The Department of Finance is studying a proposal to reduce the 30-percent corporate income tax, the highest in Southeast Asia.
The proposal, put forward by the International Monetary Fund and other foreign institutions, is meant to give the Philippines a better chance of competing head on with its neighbors once the integration of Southeast Asian economies happens as planned in 2015.
A DOF official had suggested that the reduction of the corporate income tax be implemented together with the rationalization of fiscal incentives.
“The government will lose revenues if the corporate income tax is reduced, and so the proposal is to implement it side by side with the rationalization of fiscal incentives,” the official told the Inquirer.
Under the proposed rationalization of fiscal incentives, the bill on which has been pending in Congress for years, tax- and duty-free privileges enjoyed by various industries will be removed.
The DOF official, who declined to be identified, said the revenues to be generated by the government out of the removal of fiscal incentives should compensate for the lost revenues from the reduction of the corporate income tax.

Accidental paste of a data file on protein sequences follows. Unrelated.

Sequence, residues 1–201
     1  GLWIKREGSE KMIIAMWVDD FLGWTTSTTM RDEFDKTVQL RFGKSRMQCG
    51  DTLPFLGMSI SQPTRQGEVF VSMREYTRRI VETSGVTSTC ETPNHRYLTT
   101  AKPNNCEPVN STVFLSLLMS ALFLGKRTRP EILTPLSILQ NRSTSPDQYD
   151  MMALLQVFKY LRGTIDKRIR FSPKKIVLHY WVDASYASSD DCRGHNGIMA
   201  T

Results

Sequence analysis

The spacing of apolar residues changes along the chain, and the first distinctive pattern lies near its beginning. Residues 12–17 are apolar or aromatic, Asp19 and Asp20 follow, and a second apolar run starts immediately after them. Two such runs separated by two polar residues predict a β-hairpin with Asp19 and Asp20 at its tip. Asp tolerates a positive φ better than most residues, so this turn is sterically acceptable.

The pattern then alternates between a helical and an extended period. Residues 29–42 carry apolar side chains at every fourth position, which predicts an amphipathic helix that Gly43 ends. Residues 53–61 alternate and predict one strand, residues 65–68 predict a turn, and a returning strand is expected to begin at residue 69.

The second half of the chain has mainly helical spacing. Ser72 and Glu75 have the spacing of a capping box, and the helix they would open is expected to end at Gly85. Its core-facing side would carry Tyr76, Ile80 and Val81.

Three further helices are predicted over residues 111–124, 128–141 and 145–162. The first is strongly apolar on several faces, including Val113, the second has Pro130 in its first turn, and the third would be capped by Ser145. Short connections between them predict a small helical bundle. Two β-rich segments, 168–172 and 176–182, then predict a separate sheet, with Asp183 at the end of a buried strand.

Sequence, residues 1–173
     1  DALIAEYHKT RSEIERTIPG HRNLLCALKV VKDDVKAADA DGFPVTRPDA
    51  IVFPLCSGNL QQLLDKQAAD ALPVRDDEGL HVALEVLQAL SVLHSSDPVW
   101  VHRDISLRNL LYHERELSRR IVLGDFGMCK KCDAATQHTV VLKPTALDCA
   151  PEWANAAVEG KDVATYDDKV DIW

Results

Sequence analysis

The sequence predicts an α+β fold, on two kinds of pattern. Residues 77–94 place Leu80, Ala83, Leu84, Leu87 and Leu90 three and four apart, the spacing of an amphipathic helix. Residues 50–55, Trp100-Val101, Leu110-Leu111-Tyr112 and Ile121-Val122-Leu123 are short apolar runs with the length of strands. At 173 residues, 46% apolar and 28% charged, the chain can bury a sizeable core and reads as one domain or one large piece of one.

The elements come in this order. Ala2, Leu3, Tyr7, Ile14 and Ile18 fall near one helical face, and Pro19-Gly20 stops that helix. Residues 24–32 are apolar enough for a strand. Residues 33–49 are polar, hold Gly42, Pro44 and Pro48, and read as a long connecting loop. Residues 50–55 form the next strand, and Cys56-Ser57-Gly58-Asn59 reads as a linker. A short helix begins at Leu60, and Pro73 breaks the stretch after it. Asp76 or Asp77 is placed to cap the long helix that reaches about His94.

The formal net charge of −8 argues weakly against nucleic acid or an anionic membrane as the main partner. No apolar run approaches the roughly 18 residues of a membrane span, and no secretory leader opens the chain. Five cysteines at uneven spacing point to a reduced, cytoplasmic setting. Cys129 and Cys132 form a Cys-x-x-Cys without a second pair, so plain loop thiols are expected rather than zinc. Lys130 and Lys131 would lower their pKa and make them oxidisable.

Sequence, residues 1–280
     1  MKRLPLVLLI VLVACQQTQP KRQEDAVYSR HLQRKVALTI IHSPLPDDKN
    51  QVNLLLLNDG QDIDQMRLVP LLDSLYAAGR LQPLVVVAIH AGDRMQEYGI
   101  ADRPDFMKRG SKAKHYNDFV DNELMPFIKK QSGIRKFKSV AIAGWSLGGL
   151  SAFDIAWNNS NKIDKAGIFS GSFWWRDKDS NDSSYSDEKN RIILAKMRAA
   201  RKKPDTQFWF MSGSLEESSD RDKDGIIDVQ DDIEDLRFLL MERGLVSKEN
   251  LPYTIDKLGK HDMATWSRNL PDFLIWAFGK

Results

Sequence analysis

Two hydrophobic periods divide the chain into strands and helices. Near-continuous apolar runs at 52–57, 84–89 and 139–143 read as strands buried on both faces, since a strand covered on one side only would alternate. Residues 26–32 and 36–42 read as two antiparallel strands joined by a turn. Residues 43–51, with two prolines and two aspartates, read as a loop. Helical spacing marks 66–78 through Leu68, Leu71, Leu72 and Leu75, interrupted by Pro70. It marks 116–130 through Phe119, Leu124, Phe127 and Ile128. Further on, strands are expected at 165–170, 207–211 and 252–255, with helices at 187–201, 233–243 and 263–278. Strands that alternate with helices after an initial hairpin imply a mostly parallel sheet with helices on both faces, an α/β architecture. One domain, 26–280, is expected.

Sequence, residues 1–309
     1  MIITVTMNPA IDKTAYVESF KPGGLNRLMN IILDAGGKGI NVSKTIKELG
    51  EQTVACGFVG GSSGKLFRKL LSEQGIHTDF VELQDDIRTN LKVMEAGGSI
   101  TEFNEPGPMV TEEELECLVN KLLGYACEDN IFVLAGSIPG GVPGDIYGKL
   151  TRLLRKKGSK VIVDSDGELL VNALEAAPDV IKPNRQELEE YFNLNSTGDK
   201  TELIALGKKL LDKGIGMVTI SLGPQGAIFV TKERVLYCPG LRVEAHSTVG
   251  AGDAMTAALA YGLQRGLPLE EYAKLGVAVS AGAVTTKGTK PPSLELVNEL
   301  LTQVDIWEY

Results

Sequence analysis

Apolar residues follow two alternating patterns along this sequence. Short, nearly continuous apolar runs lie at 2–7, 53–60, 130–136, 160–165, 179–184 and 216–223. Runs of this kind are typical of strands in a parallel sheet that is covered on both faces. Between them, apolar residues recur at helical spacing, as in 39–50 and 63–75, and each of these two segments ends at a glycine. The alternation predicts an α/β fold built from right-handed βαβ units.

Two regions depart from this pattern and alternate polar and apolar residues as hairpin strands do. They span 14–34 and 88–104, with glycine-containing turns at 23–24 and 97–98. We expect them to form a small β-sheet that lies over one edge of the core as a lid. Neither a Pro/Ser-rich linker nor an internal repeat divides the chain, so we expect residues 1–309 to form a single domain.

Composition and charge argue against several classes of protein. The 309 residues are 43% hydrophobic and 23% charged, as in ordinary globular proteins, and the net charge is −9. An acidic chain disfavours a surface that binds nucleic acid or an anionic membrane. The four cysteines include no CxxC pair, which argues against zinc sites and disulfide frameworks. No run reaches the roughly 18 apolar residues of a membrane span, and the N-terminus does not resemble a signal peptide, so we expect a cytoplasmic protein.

The DOF is thus studying the extent of the reduction to make sure that the move will not lead to a net revenue loss for the government if fiscal incentives are removed, the official said.
The DOF was likewise evaluating whether the proposed cut in income tax would require a separate action from Congress or could be inserted as a provision of the fiscal incentives rationalization bill.
The DOF said the fiscal incentives rationalization bill was one of the few fiscal measures included in the Aquino administration’s list of priority bills.
It was also being pushed to prepare the country for Asean integration.
By 2015, the Philippines and the other nine members of the Association of Southeast Asian Nations (Asean) are supposed to have their economies integrated.
The Asean economic integration, under which goods and labor are free to move across borders of member-countries, is intended to increase business activities, accelerate growth, and boost incomes in the region.
However, countries that have uncompetitive policies will not get a big enough share of foreign investments that are expected to flow into the growing region.
Some economists said that with the 30-percent corporate income tax still implemented in the Philippines, the country will not be in a good position to take advantage of the potential rise in foreign investment opportunities.
Several online resource materials showed that the corporate income tax rate is set at 25 percent in Indonesia, Malaysia, Myanmar and Vietnam, 24 percent in Laos, 20 percent in Thailand and Cambodia, and 17 percent in Singapore.
Brunei has the same tax rate as the Philippines at 30 percent.